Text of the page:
scholarly resource alert

Scholarly Resource Alert! David Shambaugh, author of China Goes Global, alerted us to an article from the BBC about ‘China’s Island Factory’. New islands are being made in the disputed South China Sea by the might of the Chinese state, but a group of marooned Filipinos on a rusting wreck is trying to stand in the way. (via China’s Island Factory)

Scholarly Resource Alert! David Grove, author of Tapeworms, Lice, and Prions: A compendium of unpleasant infections, alerted us to a BBC series, starting Wednesday 19 February, in which Dr Michael Mosley turns his body into a living laboratory by deliberately infecting himself with some extraordinary parasites. (via BBC - Media Centre - Programme Information - Michael Mosley: Infested! Living With Parasites)

Scholarly Resource Alert! Anna Hansell, co-author of The Environment and Health Atlas for England and Wales, alerted us to breaking news in public health. The Small Area Health and Statistics Unit (SAHSU) has launched a new series of interactive maps. They are designed to inform policy-makers and the public on the geographic patterns of disease and potential exposure to various pollutants, and assist in developing hypotheses and research into the reasons for variability in disease risk that may relate to environmental exposures. See reports in The Guardian, BBC, and The Independent, or the Interactive Maps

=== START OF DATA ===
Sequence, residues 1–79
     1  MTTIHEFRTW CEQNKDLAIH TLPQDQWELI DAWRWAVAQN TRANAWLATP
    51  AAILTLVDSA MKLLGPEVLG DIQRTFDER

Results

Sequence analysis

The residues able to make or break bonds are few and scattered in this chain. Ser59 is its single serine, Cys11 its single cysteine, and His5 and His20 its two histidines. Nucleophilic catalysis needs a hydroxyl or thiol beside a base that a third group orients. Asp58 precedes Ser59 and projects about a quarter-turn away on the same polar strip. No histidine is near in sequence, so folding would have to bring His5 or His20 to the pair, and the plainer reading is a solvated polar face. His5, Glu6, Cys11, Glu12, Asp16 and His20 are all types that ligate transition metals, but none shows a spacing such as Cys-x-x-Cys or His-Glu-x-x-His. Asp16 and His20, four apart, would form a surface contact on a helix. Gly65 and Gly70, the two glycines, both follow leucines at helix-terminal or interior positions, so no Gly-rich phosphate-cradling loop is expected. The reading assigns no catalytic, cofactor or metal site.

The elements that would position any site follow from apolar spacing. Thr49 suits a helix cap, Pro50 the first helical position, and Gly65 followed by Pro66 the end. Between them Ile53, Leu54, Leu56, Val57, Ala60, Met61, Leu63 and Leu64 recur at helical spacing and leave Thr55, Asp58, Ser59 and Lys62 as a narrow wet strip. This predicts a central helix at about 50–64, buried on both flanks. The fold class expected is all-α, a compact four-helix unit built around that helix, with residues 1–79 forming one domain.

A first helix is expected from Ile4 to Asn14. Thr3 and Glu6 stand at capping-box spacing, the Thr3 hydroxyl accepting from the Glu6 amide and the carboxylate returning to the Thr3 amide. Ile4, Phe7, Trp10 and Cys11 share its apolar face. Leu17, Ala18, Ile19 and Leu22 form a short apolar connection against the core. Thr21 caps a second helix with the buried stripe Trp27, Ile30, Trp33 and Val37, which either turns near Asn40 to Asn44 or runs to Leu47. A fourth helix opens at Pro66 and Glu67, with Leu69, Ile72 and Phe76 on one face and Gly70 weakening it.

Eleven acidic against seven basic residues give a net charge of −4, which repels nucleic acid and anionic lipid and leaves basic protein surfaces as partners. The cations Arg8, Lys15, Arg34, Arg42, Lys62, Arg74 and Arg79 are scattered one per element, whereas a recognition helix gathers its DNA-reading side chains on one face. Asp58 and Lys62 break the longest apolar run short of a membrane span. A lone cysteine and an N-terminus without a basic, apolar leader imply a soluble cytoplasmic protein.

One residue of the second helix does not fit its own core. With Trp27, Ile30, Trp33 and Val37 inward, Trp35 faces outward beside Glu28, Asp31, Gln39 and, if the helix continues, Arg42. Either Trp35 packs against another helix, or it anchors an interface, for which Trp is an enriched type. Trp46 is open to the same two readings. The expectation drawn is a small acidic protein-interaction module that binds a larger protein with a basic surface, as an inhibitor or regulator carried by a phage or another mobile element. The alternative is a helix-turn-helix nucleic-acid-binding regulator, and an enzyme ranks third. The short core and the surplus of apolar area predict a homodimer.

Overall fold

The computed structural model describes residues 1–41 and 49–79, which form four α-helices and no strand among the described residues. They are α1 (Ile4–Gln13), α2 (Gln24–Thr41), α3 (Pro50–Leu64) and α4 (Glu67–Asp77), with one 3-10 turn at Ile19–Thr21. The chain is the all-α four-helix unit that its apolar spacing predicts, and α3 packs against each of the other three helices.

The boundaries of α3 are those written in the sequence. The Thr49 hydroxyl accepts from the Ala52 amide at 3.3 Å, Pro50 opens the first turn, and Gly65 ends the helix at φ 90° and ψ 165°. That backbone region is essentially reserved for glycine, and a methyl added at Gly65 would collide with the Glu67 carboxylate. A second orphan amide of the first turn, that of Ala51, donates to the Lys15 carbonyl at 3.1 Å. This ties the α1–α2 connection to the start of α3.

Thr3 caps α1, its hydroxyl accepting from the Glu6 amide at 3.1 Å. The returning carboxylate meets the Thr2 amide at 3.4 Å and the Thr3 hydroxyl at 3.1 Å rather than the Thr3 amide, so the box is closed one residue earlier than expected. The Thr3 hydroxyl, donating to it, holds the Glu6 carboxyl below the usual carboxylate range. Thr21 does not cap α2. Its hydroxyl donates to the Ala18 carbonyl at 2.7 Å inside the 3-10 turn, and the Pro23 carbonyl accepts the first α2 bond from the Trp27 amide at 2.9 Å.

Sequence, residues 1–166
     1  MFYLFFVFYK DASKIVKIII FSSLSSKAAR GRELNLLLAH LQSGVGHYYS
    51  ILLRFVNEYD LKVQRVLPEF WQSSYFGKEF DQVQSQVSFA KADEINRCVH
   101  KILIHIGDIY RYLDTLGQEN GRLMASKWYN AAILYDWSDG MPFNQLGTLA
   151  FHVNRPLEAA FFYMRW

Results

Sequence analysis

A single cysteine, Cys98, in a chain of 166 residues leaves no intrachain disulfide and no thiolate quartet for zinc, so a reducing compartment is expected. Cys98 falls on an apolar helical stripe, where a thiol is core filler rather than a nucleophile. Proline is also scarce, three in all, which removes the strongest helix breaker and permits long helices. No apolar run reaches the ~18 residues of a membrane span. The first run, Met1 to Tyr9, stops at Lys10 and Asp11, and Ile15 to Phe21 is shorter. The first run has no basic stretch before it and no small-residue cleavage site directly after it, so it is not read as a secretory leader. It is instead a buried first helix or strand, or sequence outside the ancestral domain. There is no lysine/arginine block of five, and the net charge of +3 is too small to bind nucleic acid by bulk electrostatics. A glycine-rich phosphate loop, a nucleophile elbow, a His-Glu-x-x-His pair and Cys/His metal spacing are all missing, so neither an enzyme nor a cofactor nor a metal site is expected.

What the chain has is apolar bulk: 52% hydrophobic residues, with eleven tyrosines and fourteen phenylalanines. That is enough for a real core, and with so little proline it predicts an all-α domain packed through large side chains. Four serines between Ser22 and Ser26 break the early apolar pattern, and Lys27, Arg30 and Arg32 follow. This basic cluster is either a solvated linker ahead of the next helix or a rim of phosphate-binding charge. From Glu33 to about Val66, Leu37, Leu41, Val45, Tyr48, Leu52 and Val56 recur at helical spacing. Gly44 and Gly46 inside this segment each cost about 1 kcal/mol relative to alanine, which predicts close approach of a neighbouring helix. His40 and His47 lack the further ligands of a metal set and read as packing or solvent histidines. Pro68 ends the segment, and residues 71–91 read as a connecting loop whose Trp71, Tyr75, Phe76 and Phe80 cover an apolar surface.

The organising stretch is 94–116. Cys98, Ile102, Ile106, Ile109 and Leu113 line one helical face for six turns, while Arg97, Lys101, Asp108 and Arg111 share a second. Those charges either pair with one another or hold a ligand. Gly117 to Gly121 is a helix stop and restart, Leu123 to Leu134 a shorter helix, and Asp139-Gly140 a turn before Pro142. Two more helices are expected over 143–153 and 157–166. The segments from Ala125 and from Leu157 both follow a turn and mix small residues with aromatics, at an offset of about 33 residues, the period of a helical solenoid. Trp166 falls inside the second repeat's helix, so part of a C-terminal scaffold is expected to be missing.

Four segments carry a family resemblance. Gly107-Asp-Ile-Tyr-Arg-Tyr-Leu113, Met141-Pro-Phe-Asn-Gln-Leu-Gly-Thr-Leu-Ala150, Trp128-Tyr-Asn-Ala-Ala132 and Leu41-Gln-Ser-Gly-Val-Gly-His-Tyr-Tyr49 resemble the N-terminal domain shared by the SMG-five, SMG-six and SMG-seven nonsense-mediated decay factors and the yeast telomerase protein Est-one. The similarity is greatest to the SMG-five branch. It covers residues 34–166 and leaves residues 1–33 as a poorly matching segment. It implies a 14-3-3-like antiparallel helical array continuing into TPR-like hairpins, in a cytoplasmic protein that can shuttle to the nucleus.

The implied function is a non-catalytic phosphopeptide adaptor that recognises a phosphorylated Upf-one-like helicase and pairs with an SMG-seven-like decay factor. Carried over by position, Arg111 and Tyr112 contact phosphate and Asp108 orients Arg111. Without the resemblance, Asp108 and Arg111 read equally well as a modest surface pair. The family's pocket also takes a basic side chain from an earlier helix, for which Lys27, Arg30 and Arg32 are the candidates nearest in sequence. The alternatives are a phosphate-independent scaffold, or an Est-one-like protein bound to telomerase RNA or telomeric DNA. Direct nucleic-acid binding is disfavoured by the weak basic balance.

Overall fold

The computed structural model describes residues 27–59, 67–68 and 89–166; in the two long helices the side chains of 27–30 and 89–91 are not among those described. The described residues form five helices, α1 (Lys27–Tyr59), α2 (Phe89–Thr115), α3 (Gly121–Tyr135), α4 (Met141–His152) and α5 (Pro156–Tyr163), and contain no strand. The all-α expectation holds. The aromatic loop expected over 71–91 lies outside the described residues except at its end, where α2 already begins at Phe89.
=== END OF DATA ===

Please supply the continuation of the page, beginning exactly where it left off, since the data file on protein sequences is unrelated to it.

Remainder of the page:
Maps courtesy of the environment and health atlas/Small Area Health Statistics Unit.

Scholarly resource alert!  Jonathan Keats, author of Forged: Why Fakes are the Great Art of Our Age, alerted us to “In Praise of Art Forgereries,” an opinion piece in the New York Times. Exploring the economic and cultural benefits of forgeries, Blake Gopnik writes, “Sometimes, they give us works that great artists simply didn’t get around to making. If a fake is good enough to fool experts, then it’s good enough to give the rest of us pleasure, even insight.” Do you think forgeries have a place in museums? (via In Praise of Art Forgeries -